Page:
It may not be readily noticed, but a whopping 41 percent of school-age children in Kettering are on the free and reduced lunch program due to low family income.

But what do those children do for food on the weekends? That’s where the Kettering Backpack Program, a longtime Spirit Chain partner, comes in.

The program’s mission is to discreetly distribute nutritional foods to children who might otherwise go hungry over the weekends.

The Kettering Backpack Program started small in 2006, serving 15 children at JFK Elementary School. Now, the program serves 475 elementary and middle-school students each Friday.

The program’s website says students get individual servings of fruit cups, prepared pudding, vegetables, cereal, applesauce, microwaveable ravioli, mac & cheese and 100 percent fruit juice.

For more information, call (937) 296-2433 or visit www.ketteringbackpack.org.

United Rehabilitation Services

United Rehabilitation Services is an organization that specializes in providing support, care, education and training to children and adults with disabilities as well as their families.

“What makes us unique is that we serve individuals of all ages and provide the most comprehensive array of services available for those in need,” said Dennis Grant, URS’s Executive Director.

URS assists in promoting independence and supporting families. This organization specializes in multiple services, including those for youths and adults. URS is located on 4710 Old Troy Pike in Dayton, Ohio, and their phone number is (937) 233-1230. For more information, visit http://ursdayton.org.

We Care Arts

Another charity Fairmont has donated to in the past is We Care Arts.

“We Care Arts is a non-profit place where we help people with disabilities make and sell art,” said Program Coordinator Shari Hignite. “They make many things: paintings, mosaics, collages, sculptures, wooden objects, and even jewelry. It was opened for the disabled and underemployed, because selling something you created with your own hands can really boost your self-esteem. And it’s amazing how they can all come together and make beautiful art.”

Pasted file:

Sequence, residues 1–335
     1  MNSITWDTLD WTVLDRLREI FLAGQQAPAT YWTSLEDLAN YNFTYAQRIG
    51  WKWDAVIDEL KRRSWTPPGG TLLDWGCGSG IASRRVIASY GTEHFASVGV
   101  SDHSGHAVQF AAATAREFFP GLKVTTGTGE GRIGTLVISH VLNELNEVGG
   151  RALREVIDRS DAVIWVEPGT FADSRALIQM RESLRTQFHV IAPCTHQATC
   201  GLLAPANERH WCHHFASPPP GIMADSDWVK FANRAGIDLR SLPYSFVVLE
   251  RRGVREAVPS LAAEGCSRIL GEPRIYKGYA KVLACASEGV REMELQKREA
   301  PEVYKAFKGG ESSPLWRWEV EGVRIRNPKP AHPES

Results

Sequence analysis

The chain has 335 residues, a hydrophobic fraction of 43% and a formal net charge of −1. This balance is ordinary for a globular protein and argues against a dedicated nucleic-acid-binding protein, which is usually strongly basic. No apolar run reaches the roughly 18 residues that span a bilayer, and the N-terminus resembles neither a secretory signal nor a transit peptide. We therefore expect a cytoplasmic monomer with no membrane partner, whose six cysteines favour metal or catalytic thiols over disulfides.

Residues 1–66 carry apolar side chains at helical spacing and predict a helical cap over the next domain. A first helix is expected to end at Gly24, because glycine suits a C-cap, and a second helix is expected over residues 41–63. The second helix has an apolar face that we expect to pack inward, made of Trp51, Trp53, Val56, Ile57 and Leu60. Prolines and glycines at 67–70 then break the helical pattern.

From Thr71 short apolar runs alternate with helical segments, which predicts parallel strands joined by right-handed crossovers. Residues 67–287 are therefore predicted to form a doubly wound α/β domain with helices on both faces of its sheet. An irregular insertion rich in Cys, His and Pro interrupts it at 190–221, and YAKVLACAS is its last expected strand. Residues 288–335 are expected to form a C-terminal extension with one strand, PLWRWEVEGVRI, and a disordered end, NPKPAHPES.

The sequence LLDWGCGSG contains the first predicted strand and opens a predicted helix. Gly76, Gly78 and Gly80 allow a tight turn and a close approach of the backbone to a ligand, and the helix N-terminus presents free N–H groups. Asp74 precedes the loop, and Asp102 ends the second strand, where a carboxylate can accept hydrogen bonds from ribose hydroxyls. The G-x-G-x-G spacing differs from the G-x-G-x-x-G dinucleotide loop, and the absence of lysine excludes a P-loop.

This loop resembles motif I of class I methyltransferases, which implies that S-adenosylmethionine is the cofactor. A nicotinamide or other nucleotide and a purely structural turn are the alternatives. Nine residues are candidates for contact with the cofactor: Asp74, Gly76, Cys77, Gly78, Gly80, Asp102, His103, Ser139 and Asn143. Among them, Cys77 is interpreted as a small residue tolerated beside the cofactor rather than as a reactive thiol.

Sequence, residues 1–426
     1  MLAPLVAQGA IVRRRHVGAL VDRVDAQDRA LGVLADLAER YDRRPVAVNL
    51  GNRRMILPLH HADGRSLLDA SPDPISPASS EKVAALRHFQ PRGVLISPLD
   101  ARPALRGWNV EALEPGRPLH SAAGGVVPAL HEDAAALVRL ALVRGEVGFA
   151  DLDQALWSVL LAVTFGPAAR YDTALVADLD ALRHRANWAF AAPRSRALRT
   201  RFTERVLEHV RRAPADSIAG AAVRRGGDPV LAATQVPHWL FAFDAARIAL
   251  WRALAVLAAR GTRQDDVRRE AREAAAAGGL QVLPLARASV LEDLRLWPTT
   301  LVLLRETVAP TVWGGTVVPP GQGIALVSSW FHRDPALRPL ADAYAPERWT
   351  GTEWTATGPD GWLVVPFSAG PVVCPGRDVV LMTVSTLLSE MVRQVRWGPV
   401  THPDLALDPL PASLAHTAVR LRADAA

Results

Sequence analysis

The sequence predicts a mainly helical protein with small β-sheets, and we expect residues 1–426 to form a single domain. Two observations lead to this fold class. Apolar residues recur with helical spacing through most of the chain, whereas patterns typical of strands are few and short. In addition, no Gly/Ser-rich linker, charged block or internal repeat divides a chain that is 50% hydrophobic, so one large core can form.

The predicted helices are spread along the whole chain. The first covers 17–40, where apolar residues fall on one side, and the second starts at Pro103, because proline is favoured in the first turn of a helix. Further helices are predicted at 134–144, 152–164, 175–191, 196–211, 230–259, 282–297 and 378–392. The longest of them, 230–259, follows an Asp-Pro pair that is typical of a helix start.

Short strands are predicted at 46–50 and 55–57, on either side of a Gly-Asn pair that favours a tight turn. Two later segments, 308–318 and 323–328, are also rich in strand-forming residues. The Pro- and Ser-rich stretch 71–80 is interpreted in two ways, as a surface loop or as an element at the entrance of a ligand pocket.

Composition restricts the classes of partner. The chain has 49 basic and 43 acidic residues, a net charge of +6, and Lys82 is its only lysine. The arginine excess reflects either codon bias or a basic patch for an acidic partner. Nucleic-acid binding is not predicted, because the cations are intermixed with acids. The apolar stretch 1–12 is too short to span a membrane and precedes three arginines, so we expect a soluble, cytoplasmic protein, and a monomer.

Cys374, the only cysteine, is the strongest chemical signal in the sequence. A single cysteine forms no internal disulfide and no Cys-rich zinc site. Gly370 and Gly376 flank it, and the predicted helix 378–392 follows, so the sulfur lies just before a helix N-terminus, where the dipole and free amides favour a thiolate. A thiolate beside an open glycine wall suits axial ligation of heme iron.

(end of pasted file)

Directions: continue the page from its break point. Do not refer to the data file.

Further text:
Hignite said the We Care Arts staff deserves credit for making their clients feel welcomed. “We realize that some of these people’s lives outside of here aren’t always great, and we need to take care of each other,” she said. “When they wrap their arms around me and give me a hug, it’s pretty powerful.”

We Care Arts started 31 years ago by Director Terry Schalnat. We Care Arts has many events throughout the year, including their Style Show on Oct. 4, a Holiday Festival on Nov. 8, and the Cookie Walk on Dec. 6.

We Care Arts is open Monday through Friday from 9 a.m. to 4 p.m., and Saturdays from 10 a.m. to  2 p.m. On Tuesday evenings from 6:30 to 8:30 p.m., WCA has an Art Cafe session where group art pieces are made for a $5 drop-in fee.

We Care Arts is located at 3035 Wilmington Pike in Kettering and you can find more info at www.wecarearts.org.

And the winner is…

Fairmont’s Spirit Chain earns money in various ways; selling T-shirts, buttons, wristbands, and other gear, as well as having competitions and receiving donations.

The spirit ramps up steadily, culminating in Spirit Week at Fairmont, which is the week before the Firebirds and Centerville Elks meet on the football field. That’s also when the grand totals are revealed and the community learns which school wins the Spirit Chain competition.

This year, Spirit Week starts on Monday, Sept. 29, and the football game is Friday, Oct. 3, at 7 p.m. at Roush Stadium.

Although she can’t make the trip back to Kettering for the big game, Treva Wynn sent a message for Fairmont teens to remind them about what’s most important about Spirit Week:

“To the Fairmont teens, as human beings, I feel we are morally obligated to protect, help, and support each other. We need to make our existence as pleasant and impactful as possible. Some people do this by volunteering at their local shelter, or by helping their elderly neighbors, or just by being there for a classmate who has had a bad day,” Wynn said.

“Count the things you are thankful for all day long. From having a paved road, to having sports equipment and a gym, to your cell phone. If we are privileged enough to have these things, we must be thankful enough to enjoy them.”